Strawberries are a good plant for a beginner gardener to try with children.
You will need:
a garden bed, pots or other containers
You may like to add a small trowel, child-size gloves, watering cans and mulch so as to add to the experience, but they are not necessary.
First you need some kind of garden bed or pot or container. Raised beds are great for preschool gardening, as they are at the right height for children to eyeball the plants, they protect educators backs, and they save plants from being walked on a lot. But strawberries also grow well in pots.
You could make your own pots from repurposed containers – formula tins, or upside down 2 litre milk or juice bottles with the bottom cut off. Punch holes in the bottom so they drain. If you get the children to help make them you get an extra project and sense of ownership.
You can use soil from your garden. The advantage of using potting mix is that it is rich in nutrients, and a texture plants like so you won’t need to do anything else to it.
Buy strawberry plants from a nursery. Do not use runners. (Runners are strawberry plants that have self-propagated from the original plant. A long shoot puts out its own roots and grows into a separate plant. Runners do not fruit reliably, and are susceptible to disease.) Your local nursery will have the varieties that grow in your area, and stock them at the right time of year.
Choose a sunny spot in the garden.
Decide which parts of the job you want the children to participate in, and how. You could have the bed or pots ready, and the children could do the planting. They could do the whole lot. They could watch you do it. You can do it with one or two children, or small groups, or everyone. It depends how you like to work.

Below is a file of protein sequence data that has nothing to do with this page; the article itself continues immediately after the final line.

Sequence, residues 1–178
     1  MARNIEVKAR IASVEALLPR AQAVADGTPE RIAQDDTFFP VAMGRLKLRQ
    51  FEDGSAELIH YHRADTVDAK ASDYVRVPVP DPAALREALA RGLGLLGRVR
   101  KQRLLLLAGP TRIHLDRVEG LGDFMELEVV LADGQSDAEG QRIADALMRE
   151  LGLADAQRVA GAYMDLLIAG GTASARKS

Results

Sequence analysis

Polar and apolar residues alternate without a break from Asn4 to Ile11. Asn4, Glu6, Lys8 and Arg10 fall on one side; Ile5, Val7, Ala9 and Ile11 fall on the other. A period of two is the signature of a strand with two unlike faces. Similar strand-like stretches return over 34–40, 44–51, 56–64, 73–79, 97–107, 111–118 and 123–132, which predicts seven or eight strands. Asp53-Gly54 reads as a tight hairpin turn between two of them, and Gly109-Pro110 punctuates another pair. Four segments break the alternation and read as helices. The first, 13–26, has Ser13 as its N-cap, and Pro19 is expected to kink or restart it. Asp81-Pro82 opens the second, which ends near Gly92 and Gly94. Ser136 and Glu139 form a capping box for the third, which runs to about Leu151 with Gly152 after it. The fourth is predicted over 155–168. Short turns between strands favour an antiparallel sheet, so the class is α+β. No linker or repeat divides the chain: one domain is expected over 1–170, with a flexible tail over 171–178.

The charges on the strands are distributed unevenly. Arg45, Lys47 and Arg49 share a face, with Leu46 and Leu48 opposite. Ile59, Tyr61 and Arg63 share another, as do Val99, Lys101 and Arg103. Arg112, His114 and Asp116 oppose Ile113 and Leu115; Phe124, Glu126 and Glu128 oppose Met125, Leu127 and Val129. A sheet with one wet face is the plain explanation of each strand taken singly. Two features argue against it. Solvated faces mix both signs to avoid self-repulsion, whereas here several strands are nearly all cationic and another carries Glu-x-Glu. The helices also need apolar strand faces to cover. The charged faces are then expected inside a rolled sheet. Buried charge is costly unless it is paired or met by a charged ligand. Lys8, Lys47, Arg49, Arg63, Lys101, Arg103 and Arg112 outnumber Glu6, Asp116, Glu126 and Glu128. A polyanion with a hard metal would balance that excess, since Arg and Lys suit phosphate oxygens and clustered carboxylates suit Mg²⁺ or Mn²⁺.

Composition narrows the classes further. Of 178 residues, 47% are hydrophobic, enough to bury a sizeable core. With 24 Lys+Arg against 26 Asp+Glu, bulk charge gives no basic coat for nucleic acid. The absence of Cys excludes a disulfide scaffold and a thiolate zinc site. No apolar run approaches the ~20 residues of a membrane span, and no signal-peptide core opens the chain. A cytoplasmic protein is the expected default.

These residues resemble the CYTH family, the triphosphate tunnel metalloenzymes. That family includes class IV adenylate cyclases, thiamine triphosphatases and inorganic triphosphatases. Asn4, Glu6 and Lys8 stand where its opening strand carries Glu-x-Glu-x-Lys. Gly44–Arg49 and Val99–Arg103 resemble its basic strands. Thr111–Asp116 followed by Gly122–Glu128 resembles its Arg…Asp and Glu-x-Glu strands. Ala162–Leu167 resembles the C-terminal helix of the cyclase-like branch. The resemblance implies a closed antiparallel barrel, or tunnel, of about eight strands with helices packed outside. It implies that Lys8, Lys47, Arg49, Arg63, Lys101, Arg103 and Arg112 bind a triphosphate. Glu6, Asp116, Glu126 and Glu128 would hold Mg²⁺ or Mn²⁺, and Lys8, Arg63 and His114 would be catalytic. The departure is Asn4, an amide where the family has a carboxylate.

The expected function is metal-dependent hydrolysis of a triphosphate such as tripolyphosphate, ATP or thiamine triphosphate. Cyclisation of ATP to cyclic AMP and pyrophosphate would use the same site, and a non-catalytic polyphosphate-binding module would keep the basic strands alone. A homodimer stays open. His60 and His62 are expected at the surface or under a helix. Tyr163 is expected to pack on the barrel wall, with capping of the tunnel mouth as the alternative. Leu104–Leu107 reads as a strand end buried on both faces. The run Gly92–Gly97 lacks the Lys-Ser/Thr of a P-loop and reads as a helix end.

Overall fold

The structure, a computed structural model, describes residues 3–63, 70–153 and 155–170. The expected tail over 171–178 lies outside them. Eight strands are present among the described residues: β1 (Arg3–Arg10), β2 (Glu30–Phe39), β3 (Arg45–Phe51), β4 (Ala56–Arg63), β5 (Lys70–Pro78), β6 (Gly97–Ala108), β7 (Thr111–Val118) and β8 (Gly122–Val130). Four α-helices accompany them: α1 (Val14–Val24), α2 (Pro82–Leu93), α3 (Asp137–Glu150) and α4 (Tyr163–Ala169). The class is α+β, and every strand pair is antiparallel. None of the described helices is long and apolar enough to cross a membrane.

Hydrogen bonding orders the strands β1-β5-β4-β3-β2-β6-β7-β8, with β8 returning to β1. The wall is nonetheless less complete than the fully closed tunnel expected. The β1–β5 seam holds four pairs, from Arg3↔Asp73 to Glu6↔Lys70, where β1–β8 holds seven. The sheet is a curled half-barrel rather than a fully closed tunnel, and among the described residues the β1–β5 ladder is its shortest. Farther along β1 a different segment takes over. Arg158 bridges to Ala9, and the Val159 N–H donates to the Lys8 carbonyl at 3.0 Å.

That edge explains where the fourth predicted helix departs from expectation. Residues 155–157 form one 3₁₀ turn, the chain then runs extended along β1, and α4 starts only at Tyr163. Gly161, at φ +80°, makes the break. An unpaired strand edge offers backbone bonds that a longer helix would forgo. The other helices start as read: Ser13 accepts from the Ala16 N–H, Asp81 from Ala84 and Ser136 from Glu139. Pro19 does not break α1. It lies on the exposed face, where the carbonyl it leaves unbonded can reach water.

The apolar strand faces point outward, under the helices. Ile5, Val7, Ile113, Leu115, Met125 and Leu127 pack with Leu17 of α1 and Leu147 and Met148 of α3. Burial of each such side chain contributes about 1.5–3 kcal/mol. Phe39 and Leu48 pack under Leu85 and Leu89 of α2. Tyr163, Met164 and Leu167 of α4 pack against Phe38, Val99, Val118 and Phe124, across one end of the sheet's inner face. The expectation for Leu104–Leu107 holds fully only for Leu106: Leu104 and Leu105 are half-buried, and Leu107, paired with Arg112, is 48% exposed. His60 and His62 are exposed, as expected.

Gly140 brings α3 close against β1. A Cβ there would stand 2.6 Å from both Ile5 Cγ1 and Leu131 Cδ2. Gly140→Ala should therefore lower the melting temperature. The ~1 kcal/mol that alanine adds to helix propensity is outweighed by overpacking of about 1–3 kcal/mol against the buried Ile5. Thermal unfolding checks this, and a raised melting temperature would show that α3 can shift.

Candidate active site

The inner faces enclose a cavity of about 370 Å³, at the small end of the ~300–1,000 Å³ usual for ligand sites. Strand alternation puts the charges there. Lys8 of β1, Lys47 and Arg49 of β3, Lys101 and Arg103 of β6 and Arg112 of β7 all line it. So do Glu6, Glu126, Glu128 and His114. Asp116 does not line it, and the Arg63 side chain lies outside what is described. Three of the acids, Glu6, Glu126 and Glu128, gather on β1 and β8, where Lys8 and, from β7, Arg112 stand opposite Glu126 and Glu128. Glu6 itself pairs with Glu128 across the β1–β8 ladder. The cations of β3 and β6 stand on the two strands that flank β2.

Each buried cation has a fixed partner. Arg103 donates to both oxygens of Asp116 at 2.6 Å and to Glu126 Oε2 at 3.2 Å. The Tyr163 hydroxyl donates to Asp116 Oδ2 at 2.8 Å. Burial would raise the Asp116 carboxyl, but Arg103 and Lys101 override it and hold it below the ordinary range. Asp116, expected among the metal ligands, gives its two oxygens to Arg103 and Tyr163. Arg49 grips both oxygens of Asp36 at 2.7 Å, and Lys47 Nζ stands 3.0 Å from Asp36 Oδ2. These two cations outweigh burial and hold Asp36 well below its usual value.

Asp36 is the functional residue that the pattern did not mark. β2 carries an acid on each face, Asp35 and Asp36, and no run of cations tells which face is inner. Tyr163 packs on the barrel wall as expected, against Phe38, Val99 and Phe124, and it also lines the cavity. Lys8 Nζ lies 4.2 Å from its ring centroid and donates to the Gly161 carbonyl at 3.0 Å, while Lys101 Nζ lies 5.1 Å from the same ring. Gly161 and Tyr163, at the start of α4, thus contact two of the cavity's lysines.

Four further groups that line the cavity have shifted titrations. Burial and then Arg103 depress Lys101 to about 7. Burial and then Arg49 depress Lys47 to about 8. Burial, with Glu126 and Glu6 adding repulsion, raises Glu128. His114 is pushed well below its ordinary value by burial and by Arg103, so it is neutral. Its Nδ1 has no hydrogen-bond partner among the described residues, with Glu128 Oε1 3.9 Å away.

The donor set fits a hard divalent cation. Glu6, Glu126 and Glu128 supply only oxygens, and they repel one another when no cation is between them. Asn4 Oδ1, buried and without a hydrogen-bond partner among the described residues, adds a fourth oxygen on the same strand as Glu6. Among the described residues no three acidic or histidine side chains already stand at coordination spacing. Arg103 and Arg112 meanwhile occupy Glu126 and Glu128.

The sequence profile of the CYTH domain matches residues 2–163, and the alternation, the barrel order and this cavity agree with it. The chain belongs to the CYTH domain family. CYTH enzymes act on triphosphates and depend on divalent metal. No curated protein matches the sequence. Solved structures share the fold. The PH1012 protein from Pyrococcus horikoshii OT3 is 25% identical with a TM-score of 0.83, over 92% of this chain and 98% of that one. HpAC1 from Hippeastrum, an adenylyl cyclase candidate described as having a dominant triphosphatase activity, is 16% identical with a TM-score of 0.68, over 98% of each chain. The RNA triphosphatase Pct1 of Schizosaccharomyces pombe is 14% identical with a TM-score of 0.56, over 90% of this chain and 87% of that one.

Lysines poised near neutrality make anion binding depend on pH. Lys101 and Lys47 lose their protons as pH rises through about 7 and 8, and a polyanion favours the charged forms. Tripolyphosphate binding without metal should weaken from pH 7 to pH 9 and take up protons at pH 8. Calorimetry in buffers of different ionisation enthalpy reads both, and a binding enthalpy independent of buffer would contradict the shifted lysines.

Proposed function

To plant a strawberry plant, prepare a hole in the soil, take the strawberry plant out of its pot or punnet, tease out the roots a little, place it in the hole, push the soil back over the roots, and tamp it down. Once all of the crowns are planted, water them in. The idea is for the water to wash the soil and roots into close contact.
Get the children to water the plants regularly. If they are planted in potting mix in containers you should not have to worry about the danger of overwatering, as they will drain well.
The strawberry fruit forms from the centre of the flowers. They will grow green, then get pale before they turn red. Once they turn red, they are ready to eat (though they may still have white patches).
As the fruit starts to ripen, you may need to protect it from birds or snails. Snail pellets cannot be used with children around, so you will need an organic solution. If you have a snail problem, make a ring of sand or sawdust around each plant. You can also put out a flat dish (such as a jar lid) with beer in it. Snails are less of a danger for small pots hung on a fence or somewhere. If birds are a problem, cover the ripening fruit with a piece of mesh.
If you have a large group, don’t expect to be able to grow enough for everyone to eat them on the same day. Eat them a few at a time, as they ripen. If you would like to have a strawberry eating activity for the whole group, harvest a few from your own garden, and supplement them with bought ones.
Some children are allergic to strawberries, so check before you start. It would be a shame to put in the effort only to find one child cannot fully participate.